CM . . . . Volume XVII Number 40. . . .June 17, 2011.
What My Grandma Means to Say: With Questions, Answers, and Sources of Further Information About Alzheimer’s Disease.
J.C. Sulzenko. Illustrated by Gary Federick.
Renfrew, ON: General Store Publishing House, 2011.
37 pp., pbk., $12.95.
Grades 3-6 / Ages 8-11.
Review by Valerie Nielsen.
Hi! My name is Jacob, but everybody calls me “Jake”. You can call me Jake, too, if you
like… I have a story to tell you. It’s a story with a lot of truth in it. Once you’ve heard it, you can make up you own mind about whether it leaves you a little bit happy, hopeful, or sad—or a mix of all three. That’s up to you.
Jacob’s story focuses on the way he must learn to cope with his grandmother’s day by day loss of memory and change of personality due to Alzheimer’s disease. The reader follows Jake as he struggles to understand what is happening to his beloved grandma, and what ways he and his mother can support her. The book’s realistic illustrations in bright primary colours are perfectly suited to the ordinary-life tone and homey setting of Jake’s narrative.
Author J.C. Sulzenko says in the preface to What My Grandma Means to Say:
“What drove me to tell the story, from the outset, was the need to give children and their families a way to discuss Alzheimer’s disease and related dementias at a “safe” distance from the situation that affects the person they know and love.”
Sulzenko hopes that, by reading and discussing Jake’s story at home, or in the classroom or library, families may learn how to best support both the individual with dementia and each other. The author originally wrote Jake’s story as a play, complete with discussion guide, activities and frequently asked questions to use in educational settings. The play and guide were adopted by the Alzheimer Society of Ottawa and have been seen appreciated by many students, families, teachers and health-care professionals. Pressure from such audiences led to the author’s decision to write Jake’s “back story” in the form of an illustrated children’s book. Considering that the play has been transformed into an illustrated book for children, it becomes necessary to base the evaluation of What My Grandma Means to Say on its success as a story appealing to elementary school readers, rather than its success as an informational resource.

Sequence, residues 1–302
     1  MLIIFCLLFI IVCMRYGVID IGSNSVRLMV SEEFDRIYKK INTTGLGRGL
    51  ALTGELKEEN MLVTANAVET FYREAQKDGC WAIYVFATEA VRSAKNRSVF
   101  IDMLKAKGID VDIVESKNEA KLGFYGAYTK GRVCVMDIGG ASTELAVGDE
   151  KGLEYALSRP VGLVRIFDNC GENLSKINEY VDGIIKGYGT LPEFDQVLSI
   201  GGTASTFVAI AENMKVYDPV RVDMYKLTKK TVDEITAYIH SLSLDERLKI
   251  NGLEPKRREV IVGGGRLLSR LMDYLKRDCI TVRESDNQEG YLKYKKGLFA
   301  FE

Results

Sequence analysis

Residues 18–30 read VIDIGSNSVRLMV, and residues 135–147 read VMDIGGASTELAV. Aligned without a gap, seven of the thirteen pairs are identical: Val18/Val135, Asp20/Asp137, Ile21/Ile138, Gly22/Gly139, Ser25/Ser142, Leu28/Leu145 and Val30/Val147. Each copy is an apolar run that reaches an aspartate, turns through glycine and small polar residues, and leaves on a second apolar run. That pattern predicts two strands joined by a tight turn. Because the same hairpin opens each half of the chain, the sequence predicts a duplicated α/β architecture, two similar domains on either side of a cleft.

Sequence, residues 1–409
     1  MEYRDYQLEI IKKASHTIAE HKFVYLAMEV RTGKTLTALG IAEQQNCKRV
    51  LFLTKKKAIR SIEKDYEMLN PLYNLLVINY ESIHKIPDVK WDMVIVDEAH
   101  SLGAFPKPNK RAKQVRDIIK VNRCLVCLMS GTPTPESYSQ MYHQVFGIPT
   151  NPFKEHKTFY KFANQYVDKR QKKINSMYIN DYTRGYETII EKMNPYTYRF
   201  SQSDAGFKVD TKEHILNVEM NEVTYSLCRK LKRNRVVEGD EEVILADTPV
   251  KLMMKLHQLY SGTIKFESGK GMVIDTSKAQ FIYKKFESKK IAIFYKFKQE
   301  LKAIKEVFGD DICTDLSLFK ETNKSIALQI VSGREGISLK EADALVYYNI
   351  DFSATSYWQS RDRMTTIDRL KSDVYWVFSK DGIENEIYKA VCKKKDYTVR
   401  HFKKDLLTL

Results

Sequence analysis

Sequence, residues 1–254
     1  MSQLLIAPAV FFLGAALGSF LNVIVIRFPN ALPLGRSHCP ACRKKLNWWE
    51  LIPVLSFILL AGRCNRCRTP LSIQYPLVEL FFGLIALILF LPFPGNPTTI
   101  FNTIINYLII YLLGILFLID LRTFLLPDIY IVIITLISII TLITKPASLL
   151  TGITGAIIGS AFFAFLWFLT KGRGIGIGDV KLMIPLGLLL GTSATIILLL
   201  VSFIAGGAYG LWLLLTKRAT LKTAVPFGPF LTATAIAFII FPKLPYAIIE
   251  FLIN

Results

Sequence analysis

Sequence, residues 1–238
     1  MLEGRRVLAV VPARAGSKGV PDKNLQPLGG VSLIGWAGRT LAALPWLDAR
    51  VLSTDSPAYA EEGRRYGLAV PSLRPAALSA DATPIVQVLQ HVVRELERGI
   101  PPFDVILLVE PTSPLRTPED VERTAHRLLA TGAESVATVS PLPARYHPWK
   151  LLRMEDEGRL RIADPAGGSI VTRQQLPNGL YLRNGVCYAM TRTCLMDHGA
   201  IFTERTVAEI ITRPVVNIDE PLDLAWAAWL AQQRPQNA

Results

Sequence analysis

The main problem for the author of What My Grandma Means to Say is turning 11-year-old Jake into a believable character as the narrator of his story. On stage, a good part of the responsibility for this task lies with the actor and his rapport with the audience. A compelling young actor and a sympathetic audience will usually soften a didactic style. However, it is not so easy to do the same using the printed word, particularly when the message is paramount. Too often in What My Grandma Means to Say, Jake’s facility with words and his ability to recount past conversations with his mother and grandmother seem unconvincing. Could it be that he never was impatient or frustrated with his grandma before the incident wherein he believes his grandma has made a miraculous recovery? Both Jake’s mother, with her endless patience and Jake with his total devotion, seem too good to be true to life.
There are a number of excellent picture books for young people which share Sulzenko’s theme and purpose but are much less message-driven. One of the best is Mem Fox’s Wilfred Gordon McDonald Partridge, published in 1985; another is Laura Langston’s Mile High Apple Pie (a touching story of the relationship between a young girl and a grandmother beset by Alzheimer’s) and a third is simply written and beautifully illustrated picture book entitled Grandpa’s Music by Alison Acheson published in 2009. Reading and sharing any or all of these books with children would be an excellent prelude to a family or classroom discussion of the “old-timer’s” disease and a nice segue into a literature circle or classroom reading of What My Grandma Means to Say.
Valerie Nielsen, a retired teacher-librarian, lives in Winnipeg, MB.
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